The Credit Risk of Complex Options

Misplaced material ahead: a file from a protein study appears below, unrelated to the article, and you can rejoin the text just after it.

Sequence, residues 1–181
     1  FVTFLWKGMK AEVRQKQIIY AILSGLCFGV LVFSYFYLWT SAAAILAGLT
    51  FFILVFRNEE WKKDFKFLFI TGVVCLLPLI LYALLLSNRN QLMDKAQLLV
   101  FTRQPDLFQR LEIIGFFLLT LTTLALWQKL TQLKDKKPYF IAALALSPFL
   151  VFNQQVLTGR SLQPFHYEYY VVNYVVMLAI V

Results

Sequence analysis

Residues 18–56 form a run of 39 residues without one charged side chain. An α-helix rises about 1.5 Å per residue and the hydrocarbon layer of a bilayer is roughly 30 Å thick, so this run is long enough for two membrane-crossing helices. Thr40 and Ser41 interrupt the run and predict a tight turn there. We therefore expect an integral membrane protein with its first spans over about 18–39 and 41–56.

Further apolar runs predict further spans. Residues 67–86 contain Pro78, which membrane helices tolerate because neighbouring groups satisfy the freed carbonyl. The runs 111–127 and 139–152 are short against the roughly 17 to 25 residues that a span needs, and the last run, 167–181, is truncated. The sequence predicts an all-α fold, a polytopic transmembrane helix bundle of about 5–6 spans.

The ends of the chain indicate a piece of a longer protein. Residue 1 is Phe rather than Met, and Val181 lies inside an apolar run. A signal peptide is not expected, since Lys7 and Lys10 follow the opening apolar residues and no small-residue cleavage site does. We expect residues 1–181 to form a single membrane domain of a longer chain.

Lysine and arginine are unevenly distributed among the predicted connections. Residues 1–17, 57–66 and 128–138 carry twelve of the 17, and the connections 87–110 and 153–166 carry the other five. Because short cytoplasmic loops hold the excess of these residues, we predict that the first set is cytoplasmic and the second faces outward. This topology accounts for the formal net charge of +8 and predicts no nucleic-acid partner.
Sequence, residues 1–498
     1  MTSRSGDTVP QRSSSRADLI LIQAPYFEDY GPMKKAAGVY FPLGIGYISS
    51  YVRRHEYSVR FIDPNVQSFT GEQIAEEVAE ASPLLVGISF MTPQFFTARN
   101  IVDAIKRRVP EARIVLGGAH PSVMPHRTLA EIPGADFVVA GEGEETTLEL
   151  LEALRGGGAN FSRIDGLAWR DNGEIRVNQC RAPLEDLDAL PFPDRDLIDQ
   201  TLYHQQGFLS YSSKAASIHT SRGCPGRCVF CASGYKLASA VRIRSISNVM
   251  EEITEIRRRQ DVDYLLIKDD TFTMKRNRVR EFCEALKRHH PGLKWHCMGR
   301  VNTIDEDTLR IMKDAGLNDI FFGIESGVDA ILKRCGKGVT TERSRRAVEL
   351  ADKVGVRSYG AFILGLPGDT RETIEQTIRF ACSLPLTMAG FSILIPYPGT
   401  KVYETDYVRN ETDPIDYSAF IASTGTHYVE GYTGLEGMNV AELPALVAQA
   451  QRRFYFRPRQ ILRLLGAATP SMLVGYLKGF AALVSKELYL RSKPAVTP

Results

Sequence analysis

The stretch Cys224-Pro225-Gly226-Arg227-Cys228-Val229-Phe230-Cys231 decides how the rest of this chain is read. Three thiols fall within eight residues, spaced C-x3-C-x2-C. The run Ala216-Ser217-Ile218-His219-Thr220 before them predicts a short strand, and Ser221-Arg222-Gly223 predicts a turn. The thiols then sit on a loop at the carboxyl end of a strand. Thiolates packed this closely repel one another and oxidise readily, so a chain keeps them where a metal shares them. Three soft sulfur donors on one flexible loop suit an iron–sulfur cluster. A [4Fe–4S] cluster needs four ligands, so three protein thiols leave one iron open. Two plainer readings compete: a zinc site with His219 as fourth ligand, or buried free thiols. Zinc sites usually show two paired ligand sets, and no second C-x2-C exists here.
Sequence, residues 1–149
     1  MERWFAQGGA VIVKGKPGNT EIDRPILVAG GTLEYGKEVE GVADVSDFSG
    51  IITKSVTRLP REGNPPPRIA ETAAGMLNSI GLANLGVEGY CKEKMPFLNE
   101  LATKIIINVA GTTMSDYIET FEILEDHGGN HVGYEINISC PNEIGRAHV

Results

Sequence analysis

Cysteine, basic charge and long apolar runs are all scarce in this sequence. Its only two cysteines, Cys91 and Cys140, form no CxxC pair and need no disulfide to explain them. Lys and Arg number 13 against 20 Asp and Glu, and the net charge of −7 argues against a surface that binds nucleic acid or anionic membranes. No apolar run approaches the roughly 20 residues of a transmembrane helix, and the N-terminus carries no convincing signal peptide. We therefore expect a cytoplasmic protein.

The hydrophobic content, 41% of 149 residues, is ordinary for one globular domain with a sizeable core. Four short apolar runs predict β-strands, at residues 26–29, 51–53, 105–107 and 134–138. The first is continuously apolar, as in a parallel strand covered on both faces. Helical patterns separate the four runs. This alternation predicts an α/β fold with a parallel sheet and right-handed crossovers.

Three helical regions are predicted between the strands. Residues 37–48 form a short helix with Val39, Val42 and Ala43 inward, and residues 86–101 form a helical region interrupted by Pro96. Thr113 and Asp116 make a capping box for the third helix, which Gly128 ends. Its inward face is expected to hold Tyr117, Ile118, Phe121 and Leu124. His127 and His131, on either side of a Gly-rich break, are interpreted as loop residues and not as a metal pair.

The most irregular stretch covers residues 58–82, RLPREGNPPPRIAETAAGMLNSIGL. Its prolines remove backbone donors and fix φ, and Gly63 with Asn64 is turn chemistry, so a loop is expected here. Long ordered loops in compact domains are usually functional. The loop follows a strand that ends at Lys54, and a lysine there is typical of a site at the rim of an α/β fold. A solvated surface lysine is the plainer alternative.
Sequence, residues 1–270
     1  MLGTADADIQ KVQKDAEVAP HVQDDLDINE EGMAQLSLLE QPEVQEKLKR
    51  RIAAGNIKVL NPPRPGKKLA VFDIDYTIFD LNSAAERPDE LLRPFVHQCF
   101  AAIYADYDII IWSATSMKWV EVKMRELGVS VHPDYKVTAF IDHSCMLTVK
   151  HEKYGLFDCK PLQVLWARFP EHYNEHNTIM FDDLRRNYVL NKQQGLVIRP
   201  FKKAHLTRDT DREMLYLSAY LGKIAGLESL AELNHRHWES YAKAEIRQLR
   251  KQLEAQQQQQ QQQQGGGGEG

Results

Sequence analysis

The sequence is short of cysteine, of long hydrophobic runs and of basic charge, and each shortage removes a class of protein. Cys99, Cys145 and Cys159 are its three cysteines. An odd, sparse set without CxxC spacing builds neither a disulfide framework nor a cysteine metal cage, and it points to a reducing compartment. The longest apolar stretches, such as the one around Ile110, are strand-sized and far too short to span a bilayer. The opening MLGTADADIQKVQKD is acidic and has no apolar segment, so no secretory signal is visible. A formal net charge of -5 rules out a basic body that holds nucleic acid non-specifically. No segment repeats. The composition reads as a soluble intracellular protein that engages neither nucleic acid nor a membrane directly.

In Chapter 3 we have reviewed methods of quantifying the risk of standard put and call options and in Chapter 4 we have discussed the nature and risk of various compound option strategies. In this chapter we explore the nature, use and risk of complex options; while such options were regarded as rather esoteric only a few years ago, most are becoming increasingly commonplace in today’s financial markets. Complex options are defined as derivatives with structural enhancements which result in payoff or protection profiles which are different from those obtained with vanilla puts and calls; the structural differences can relate to the nature and determination of the payoff path, the commencement of the option, the timing of the premium payment, the establishment of the strike price, and so on. Given the differences between vanilla and complex options many of the risk features are distinct from those discussed in the previous chapter and warrant closer examination. Indeed, certain derivatives described in this chapter carry substantial amounts of credit risk; credit officers evaluating the appropriateness of such deals must be fully aware of the credit exposures assumed when executing such transactions.
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